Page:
In Blog: Factually Speaking

This column originally appeared in The Alpena News.

Tax filing season has officially opened in Michigan and nationwide. On Monday, January 28, the Internal Revenue Service (IRS) started accepting paper and electronic returns—despite the temporary government shutdown. As everyone groans and starts collecting their W-2s and other various forms, statements and receipts, I wanted to take a minute and highlight a few things this year.

First, as you or your tax preparer are slogging through your federal and state income tax forms, remember that taxes do a lot of good. Taxes help pay for the roads we drive on and the schools we send our children to. Taxes help pay the people who make sure our food won’t make us sick, monitor our air quality, and keep our flights (to hopefully someplace warm) safe. Taxes pay for the police and fire departments that keep our communities safe and help keep the street lights on in our neighborhoods. We pay taxes to keep our state and our nation running, and without adequate and fair tax systems, we cannot provide the services that residents and businesses alike really need.

Second, your federal tax form could look a lot different this year. In late 2017, the policymakers in Washington pushed through significant, deficit-increasing tax cuts that largely benefit profitable corporations and wealthy taxpayers and provide little benefit to the rest of us.  While there are many fundamental flaws in the tax law that could be discussed—essentially near elimination of the estate tax, significant reductions in top marginal rates that mostly benefit wealthy taxpayers, and a slashing of the corporate tax rate for starters—one is especially unbalanced: changes to the Child Tax Credit.

The Child Tax Credit (CTC) was originally enacted to help working families offset the cost of having and raising children, however working families with low incomes were largely left out on the full CTC increase included in the tax bill. In fact, in Michigan it is estimated that 365,000 children under the age of 17 in working families with low incomes will only see a $75 or less increase in their CTC, while the largest CTC increases will go to high-income families.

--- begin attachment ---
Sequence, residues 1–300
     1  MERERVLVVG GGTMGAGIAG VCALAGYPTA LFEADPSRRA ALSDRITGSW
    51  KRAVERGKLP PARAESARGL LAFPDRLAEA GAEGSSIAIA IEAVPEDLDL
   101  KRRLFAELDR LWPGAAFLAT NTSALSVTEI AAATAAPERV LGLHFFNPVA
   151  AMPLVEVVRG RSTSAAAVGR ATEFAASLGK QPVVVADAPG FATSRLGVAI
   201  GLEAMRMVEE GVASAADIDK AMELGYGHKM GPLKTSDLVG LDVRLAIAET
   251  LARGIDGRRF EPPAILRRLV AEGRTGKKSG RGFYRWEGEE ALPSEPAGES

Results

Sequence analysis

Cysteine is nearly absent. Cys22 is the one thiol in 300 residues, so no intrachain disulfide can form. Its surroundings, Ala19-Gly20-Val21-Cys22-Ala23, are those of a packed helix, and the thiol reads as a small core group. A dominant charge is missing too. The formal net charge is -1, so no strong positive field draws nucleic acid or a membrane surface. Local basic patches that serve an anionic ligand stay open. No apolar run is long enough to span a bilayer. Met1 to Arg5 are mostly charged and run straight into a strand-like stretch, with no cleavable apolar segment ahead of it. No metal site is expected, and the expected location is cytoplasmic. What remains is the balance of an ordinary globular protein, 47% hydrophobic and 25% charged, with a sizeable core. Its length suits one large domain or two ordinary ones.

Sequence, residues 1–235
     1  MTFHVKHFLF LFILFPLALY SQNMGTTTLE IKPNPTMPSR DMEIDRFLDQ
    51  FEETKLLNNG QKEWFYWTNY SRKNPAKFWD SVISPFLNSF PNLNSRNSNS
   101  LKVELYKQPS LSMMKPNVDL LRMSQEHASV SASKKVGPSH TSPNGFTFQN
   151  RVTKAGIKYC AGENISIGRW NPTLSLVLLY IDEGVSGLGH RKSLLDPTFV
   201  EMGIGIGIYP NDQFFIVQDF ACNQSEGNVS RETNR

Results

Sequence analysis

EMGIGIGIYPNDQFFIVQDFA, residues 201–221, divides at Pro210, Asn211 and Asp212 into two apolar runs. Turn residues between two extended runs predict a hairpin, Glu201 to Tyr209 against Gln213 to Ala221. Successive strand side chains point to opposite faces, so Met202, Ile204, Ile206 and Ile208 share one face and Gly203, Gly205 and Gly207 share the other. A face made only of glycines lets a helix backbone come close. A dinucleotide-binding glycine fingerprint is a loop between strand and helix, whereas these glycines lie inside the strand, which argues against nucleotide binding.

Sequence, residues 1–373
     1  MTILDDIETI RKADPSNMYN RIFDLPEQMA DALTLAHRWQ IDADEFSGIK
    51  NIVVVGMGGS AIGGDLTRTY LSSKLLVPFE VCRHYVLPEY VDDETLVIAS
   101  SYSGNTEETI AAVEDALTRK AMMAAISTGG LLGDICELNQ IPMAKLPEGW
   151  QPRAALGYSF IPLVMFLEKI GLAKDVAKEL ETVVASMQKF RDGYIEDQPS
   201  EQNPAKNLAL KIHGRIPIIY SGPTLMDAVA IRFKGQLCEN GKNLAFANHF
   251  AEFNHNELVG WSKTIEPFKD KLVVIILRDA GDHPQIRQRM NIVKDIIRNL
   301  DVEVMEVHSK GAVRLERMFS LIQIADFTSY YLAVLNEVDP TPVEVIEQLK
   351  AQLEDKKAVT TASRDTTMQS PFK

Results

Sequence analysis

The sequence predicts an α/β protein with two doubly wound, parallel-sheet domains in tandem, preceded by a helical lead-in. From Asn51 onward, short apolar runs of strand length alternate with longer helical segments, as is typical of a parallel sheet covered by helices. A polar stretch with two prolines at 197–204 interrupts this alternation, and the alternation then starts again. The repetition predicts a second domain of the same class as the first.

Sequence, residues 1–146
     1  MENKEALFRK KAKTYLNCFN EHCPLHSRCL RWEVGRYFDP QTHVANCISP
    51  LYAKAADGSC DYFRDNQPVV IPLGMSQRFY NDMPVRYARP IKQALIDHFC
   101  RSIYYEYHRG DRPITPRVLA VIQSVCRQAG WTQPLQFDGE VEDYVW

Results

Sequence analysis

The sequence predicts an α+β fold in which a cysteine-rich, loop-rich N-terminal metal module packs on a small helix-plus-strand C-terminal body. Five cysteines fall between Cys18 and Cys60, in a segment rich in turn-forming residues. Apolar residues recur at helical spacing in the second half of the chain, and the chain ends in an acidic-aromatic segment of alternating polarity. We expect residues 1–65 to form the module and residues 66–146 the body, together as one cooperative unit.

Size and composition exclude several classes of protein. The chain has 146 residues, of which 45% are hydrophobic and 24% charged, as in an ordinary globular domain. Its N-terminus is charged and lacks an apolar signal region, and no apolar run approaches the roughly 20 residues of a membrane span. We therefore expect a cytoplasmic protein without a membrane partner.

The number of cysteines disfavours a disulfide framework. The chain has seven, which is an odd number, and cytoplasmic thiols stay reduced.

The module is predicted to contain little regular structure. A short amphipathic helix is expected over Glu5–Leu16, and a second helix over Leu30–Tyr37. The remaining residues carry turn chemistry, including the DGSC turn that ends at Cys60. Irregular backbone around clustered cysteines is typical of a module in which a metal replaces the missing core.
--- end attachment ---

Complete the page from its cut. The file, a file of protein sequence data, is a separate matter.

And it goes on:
Finally, make sure you take advantage of the Earned Income Tax Credit (EITC) if you qualify. The EITC is a refundable income tax credit for families that work but have low earnings, and it is available both federally and on your state return (note: Michigan’s credit is equal to 6 percent of the federal credit). Families that receive it use it to pay for basic necessities, home or car repairs, or pay down debt. And while it’s a huge boost to the income of Michigan families with modest incomes, it could do so much more.

As the Michigan League for Public Policy has outlined in our new policy agenda released last week, The Owner’s Manual for Michigan (, Michigan’s EITC should be incrementally increased back to 20 percent of the federal credit, where it was before former Governor Rick Snyder and legislative Republicans significantly cut it. Additionally, many young childless workers, including young workers just starting out and noncustodial parents, do not qualify for a federal or state EITC or only receive a very small credit; we should look at expanding our state EITC so more of these families get the income boost they need.

So as you gather up all of your tax documents and receipts, remember to have patience in working through all of the possible changes. Depending on your income, you may also qualify for free tax preparation through the Volunteer Income Tax Assistance (VITA) program. E-file for a quicker refund, and do not pay for a rapid-refund product that will cost you more in the long run than if you wait for your tax return to be processed and refund to be paid. And at the end of the day, think about all of the good you’re doing by paying your taxes.

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